Russell spent the majority of the 2008–09 season with the Blue Jackets but also played 14 games with their American Hockey League (AHL) affiliate, the Syracuse Crunch. He had 21 points in 66 games with Columbus and added a goal and an assist in his first four NHL playoff games. He led Blue Jackets' defencemen with seven goals in 2009–10 and set a career high with 23 points in 73 games in 2010–11. He was briefly a teammate of his brother as the Blue Jackets acquired Ryan prior to the 2011–12 season. However, Kris Russel only played 12 games for Columbus that season, as he was sent to the St. Louis Blues in exchange for Nikita Nikitin in a November 11, 2011, trade. The deal reunited Russell with Ken Hitchcock, who had previously coached him in Columbus before becoming the head coach of the Blues.
In 55 games combined between Columbus and St. Louis, Russell scored 12 points and he made his second Stanley Cup playoff appearance by playing nine post-season games with St. Louis. When the 2012–13 NHL season was delayed by a labour dispute, he signed with TPS in the Finnish SM-liiga. He suffered a slight tear to his Medial collateral ligament early in the season and missed some time before rejoining TPS. He recorded 14 points in 15 games before returning to St. Louis when the NHL season finally began. With the Blues, Russell recorded seven points in 33 games but dropped down the Blues' depth chart and did not appear in any 2013 playoff games for the team.
A restricted free agent following the season, Blues management expressed doubt he would be one of the club's top seven defencemen. He was placed on waivers and went unclaimed. The Calgary Flames acquired Russell on July 5, 2013, in exchange for a fifth round selection at the 2014 NHL Entry Draft and signed him to a one-year, $1.5 million contract.
Russell was leaned on heavily in his first year in Calgary, emerging as a top-four defensively-oriented defenseman. Paired most frequently with Dennis Wideman, the two formed the Flames' second pairing for the majority of the season. Russell set new career-highs in assists and points in 2013–14, tallying 22 and 29 in those respective categories. He also finished second on the team in blocked shots with 201, only behind Chris Butler (211).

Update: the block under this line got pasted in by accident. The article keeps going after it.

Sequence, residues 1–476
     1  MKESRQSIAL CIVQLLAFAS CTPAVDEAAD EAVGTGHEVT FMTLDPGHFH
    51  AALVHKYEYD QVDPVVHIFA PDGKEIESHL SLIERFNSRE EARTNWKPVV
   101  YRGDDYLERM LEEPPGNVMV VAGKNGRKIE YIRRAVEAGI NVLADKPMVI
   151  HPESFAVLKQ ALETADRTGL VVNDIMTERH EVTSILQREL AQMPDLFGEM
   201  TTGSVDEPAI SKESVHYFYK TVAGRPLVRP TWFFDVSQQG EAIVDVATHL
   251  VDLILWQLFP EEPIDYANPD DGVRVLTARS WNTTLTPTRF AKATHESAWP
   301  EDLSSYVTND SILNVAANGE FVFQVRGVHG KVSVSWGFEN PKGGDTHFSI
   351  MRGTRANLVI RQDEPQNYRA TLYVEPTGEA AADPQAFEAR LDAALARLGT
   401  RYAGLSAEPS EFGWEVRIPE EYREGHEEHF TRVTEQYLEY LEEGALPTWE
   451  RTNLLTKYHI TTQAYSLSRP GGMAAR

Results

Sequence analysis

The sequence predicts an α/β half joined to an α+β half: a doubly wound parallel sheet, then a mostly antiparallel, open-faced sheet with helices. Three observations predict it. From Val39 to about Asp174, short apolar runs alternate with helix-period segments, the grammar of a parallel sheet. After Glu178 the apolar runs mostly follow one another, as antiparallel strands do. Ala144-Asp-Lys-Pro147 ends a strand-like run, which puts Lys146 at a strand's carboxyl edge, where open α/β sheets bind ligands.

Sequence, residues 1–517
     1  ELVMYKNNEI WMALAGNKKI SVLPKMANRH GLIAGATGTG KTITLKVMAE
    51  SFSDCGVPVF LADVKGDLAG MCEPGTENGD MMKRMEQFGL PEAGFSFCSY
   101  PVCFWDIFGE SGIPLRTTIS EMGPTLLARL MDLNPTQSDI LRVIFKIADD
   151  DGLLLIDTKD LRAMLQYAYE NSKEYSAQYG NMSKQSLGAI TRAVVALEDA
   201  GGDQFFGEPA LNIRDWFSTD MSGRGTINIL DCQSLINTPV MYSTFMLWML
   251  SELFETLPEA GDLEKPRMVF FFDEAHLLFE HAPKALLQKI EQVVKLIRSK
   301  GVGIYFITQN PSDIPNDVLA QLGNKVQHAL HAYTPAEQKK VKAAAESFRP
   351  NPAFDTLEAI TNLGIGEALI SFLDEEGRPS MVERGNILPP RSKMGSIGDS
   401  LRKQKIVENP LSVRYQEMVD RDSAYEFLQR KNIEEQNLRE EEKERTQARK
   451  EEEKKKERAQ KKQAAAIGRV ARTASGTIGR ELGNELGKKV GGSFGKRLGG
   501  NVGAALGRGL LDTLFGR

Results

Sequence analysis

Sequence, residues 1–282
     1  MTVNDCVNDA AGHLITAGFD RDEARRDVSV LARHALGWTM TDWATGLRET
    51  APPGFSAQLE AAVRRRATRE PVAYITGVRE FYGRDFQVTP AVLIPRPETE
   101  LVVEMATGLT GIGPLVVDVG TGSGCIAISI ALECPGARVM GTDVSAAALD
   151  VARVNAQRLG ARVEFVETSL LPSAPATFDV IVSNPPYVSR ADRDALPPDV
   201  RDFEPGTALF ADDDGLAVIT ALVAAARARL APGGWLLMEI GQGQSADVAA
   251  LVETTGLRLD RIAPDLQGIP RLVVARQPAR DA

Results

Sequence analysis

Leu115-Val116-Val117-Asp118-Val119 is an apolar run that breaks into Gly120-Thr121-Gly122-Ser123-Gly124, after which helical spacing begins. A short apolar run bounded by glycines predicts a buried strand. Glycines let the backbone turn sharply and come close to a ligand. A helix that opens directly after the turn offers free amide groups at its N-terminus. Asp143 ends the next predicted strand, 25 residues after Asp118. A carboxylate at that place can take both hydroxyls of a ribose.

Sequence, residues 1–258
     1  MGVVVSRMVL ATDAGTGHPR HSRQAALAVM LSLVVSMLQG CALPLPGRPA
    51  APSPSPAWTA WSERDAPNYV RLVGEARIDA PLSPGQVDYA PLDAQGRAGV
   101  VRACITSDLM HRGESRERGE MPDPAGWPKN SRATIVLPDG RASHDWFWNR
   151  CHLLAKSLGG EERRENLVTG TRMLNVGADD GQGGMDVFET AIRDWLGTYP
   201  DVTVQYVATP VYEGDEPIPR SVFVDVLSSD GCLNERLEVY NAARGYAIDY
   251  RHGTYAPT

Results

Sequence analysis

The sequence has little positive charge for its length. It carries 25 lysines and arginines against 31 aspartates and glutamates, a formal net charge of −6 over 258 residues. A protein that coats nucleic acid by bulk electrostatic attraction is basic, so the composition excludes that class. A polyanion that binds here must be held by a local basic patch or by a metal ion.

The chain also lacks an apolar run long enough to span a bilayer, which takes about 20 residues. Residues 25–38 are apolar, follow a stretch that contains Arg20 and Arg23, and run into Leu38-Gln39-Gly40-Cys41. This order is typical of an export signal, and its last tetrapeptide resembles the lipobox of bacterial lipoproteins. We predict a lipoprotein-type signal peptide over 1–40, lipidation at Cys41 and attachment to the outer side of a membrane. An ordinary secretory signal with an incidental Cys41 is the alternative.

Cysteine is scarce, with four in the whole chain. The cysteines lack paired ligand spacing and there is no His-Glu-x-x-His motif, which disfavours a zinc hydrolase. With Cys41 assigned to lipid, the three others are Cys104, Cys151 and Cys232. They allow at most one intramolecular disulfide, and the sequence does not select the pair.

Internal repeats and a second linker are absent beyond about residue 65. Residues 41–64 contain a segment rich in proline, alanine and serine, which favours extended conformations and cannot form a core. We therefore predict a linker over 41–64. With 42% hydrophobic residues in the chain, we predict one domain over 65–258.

As the Flames improved significantly in 2014–15, so did Russell. Once again, he posted new career-highs in assists and points, with 30 and 34, respectively, and he also led the NHL in blocked shots with 283. This mark currently sits as the NHL record for most shots blocked by a single player in a season. With star and captain Mark Giordano injured late in the season as the Flames pushed towards a playoff spot, Russell emerged as a temporary top-pairing defenseman in lieu, forming a dangerous shutdown tandem with Wideman once again. This continued into the 2015 playoffs, as Russell proved to be a clutch force throughout the Flames' six-game victory over the Vancouver Canucks in the first round. One notable moment came in Game 1 of the series, which the Flames had trailed until just past the mid-way mark of the third period; first, David Jones scored to tie the game, and then Russell fired a wrist shot from the point which beat Canucks goaltender Eddie Läck to put the Flames up by one goal with under 30 seconds remaining. Russell finished the post-season with seven points, third on the Flames.
The Flames regressed in 2015–16, as did Russell. His assist and point totals dramatically sank to just 11 and 15, as the Flames dropped in the standings and missed the 2016 playoffs. With this fate becoming evident, Flames general manager Brad Treliving sought to sell some of his assets at the trade deadline. With his contract expiring at the end of the year, Russell was traded to the Dallas Stars in exchange for defenseman Jyrki Jokipakka, prospect Brett Pollock and a conditional second-round pick (ultimately used to select Dillon Dubé).
Dallas and Edmonton
In Dallas, Russell was relied on to play top-pairing minutes, but the team fizzled out in the second round to the St. Louis Blues. Russell was held goalless throughout the playoffs, and he was not re-signed by the Stars in the off-season.